Small policy tweaks, like covering the cost of exam fees and school uniforms in schools, make a real difference in reducing dropouts. These obligatory costs create a petri dish of exploitation for many girls who have to find the money to obtain the final transcripts they need to advance towards further education or obtain a job.
Legislation should incentivise private-sector financing through student loans, with potential abuses of the system being vigorously regulated. Interest rate caps often backfire, enabling predatory lending over traditional banks. Meanwhile, restrictive collateral requirements by conventional banks exclude vulnerable students.
Governments could stretch their limited cash further with guarantees that absorb default risks to attract commercial lenders once they accept they don’t have enough money to fund higher education for all the young people who seek it.
Multilateral agencies can provide guarantees to engage private capital. The goal should be affordable education financing at sustainable interest rates through public-private collaboration.
The need for collective action
No single stakeholder will succeed in tackling this sexual exploitation alone. Higher education institutions remain recalcitrant to self-imposed reforms and ignorant of the harm their complicity causes. Government resources are inadequate to transform policy. And the private sector maximises profits over social returns without incentives.
In short, we’re all guilty of turning a blind eye while our young people are exploited, and we’re all relevant to fixing this crisis.
This dilemma demands unprecedented cooperation. Each sector must apply its strengths while conceding its weaknesses. Academic institutions must implement cultural change which enables accountability.
Governments should catalyse private financing through smart policies, regulation and risk-sharing. Commercial banks must address biased market failures which deny young people access to student loans. Telecoms need to be enabled to get a smartphone in the hands of every young woman, recognising it is as lifesaving as a mosquito net.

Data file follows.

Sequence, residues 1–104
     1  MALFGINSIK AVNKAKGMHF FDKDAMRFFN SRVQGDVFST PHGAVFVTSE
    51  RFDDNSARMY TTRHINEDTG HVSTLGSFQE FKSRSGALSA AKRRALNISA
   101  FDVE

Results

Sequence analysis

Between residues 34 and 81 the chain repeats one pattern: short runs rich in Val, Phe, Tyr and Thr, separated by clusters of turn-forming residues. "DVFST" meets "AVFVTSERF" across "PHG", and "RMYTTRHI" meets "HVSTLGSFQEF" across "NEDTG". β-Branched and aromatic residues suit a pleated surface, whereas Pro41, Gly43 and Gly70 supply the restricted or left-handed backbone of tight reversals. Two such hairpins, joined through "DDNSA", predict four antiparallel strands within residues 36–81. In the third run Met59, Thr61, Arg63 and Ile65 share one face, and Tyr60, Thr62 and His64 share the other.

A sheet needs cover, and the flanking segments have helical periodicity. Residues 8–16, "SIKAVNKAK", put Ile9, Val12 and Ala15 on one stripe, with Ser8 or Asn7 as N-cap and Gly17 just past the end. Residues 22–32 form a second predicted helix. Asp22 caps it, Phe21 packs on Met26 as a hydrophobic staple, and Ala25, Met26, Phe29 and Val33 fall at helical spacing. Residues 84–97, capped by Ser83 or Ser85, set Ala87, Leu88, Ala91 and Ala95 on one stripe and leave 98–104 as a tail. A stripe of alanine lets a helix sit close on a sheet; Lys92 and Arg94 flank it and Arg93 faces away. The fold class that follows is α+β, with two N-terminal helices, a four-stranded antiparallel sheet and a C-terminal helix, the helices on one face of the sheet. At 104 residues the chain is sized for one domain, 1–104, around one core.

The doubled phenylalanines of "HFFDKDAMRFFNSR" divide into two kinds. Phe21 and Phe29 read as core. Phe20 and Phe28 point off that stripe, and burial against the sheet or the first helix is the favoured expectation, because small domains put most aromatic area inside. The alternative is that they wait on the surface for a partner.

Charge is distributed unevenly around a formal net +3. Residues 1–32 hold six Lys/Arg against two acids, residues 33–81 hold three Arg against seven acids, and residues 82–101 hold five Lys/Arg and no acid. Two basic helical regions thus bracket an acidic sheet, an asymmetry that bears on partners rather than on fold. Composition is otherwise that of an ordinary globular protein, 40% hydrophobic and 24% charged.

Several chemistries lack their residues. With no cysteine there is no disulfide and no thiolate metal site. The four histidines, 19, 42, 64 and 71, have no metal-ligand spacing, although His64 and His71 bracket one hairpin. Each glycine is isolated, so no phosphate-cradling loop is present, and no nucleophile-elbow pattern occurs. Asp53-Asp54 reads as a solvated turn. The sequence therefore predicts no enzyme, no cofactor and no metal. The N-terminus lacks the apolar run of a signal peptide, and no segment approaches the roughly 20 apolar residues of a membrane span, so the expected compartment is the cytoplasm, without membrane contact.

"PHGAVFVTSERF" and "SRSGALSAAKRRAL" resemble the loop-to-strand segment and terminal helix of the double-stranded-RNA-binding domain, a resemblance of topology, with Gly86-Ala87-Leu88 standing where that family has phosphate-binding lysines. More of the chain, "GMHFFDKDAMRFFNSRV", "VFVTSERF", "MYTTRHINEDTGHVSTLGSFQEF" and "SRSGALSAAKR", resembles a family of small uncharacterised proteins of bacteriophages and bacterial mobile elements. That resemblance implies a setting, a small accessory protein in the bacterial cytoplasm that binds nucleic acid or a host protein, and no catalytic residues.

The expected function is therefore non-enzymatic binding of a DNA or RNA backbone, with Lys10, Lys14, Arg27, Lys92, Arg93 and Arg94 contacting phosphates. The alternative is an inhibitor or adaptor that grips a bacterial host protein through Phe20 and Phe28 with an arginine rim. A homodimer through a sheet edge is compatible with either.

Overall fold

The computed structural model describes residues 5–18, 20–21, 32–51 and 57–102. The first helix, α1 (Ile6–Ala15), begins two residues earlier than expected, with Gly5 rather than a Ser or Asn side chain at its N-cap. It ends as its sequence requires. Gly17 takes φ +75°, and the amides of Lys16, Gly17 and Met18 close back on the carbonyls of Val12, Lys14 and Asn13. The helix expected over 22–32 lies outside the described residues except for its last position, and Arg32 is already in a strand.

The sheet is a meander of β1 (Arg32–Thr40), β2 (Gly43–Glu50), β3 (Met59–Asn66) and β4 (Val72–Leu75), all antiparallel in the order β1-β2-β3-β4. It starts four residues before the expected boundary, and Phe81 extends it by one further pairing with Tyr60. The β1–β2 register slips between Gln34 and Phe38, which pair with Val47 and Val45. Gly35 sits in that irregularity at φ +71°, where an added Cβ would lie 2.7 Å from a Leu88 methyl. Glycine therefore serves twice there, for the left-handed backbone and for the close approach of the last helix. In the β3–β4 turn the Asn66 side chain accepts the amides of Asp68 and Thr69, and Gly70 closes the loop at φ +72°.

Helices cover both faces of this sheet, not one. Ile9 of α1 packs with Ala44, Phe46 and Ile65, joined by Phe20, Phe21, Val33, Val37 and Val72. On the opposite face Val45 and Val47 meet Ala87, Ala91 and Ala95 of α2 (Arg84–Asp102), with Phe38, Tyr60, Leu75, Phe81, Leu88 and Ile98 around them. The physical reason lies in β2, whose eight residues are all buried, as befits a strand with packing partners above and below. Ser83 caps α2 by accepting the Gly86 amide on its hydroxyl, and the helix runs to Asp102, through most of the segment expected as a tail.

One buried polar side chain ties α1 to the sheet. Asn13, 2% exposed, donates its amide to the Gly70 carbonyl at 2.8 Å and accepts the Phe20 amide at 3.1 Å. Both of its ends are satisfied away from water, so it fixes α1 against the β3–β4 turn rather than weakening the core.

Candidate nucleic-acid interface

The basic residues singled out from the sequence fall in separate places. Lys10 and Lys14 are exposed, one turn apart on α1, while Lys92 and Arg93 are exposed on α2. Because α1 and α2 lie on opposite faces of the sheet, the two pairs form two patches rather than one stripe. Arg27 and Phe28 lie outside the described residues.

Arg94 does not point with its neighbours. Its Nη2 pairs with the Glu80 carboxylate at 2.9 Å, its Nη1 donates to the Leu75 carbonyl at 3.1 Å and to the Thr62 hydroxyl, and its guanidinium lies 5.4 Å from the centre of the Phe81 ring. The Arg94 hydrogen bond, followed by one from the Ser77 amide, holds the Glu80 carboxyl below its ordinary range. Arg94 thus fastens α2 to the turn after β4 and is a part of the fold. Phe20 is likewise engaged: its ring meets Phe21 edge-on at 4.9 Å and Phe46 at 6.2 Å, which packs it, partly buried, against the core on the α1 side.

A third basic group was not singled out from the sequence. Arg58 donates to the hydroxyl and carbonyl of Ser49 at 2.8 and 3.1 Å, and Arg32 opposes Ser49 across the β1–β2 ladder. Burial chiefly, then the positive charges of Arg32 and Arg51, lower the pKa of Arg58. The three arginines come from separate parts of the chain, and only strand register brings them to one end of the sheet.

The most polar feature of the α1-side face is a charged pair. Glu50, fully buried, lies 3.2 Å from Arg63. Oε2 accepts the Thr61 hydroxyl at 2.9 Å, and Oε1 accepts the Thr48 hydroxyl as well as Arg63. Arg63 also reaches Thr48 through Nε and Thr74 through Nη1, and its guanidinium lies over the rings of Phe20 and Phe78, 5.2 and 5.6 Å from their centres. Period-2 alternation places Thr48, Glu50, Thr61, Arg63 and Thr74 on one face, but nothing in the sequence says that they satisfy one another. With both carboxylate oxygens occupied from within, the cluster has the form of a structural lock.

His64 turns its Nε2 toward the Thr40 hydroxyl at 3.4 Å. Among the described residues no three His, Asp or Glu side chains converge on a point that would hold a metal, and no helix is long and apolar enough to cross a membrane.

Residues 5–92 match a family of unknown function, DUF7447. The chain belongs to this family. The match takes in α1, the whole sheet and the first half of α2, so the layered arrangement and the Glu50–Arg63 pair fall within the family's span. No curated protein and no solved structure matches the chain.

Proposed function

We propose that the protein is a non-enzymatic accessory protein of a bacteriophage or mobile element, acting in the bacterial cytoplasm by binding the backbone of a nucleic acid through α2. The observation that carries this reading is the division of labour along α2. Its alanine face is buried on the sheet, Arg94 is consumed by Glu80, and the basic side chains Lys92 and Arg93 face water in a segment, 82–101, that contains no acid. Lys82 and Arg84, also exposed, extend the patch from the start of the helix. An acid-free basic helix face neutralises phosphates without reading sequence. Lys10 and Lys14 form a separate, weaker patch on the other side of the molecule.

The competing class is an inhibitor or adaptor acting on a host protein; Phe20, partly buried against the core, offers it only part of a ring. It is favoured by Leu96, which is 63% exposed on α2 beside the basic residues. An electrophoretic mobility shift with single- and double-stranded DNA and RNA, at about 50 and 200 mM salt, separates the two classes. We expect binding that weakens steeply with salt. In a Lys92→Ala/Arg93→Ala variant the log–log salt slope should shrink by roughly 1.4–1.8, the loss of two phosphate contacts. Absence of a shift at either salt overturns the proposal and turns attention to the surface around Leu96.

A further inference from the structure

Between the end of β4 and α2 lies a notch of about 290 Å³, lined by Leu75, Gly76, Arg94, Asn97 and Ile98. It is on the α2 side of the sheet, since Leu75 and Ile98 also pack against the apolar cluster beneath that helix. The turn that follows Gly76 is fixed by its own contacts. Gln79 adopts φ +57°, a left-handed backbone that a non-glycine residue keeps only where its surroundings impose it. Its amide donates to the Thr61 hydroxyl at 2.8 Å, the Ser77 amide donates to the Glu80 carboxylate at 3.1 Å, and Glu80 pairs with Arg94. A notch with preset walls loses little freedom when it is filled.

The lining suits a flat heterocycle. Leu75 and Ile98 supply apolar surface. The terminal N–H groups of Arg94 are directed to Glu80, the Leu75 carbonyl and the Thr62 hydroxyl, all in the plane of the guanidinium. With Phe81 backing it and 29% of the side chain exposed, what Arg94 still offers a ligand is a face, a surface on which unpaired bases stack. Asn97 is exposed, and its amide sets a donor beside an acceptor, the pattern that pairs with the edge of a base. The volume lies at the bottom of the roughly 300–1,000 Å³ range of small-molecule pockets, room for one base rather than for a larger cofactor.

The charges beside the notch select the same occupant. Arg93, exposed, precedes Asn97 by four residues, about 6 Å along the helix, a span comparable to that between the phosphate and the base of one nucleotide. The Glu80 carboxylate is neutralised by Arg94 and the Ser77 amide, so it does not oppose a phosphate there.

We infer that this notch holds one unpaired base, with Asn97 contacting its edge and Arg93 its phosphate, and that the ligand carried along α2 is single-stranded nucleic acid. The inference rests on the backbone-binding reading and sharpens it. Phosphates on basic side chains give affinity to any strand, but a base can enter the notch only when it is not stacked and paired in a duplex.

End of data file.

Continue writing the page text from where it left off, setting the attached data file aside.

Extensive exploitation is the unacceptable status quo at far too many academic institutions today. This corruption of educational ideals can no longer be ignored. It is time to stop quietly shuffling predatory professors into new posts, to cease putting the onus on victims who are often re-traumatised by public reporting protocols that lead few institutions to act against predatory faculty.
Most importantly, educational institutions should reform policies that perpetuate dependence on exploitative fees. Far more sustainable would be to enable commercial banks to lend to students, ensuring even stronger financial sustainability for the educational institutions.
These steps will empower girls to pursue knowledge freely and safely, bringing the trillions of dollars back to society which the World Bank estimates are currently lost due to these exploitative traumas worldwide.
Our young women deserve no less if we believe in the transformative power of education to build a more just society. The time has come for higher education institutions, governments and private sector leaders to acknowledge and address their part in enabling sexual exploitation. With collective action, we can end this scourge of ‘sex for fees and grades’.
Andrea Pizziconi, CFA, is an equal parts artist, impact investor and social entrepreneur. She is the founder of Africa Integras and Girls First Finance, which conducted the survey for this report. You can follow her on all platforms at @dreapizziconi or @girlsfirstfin.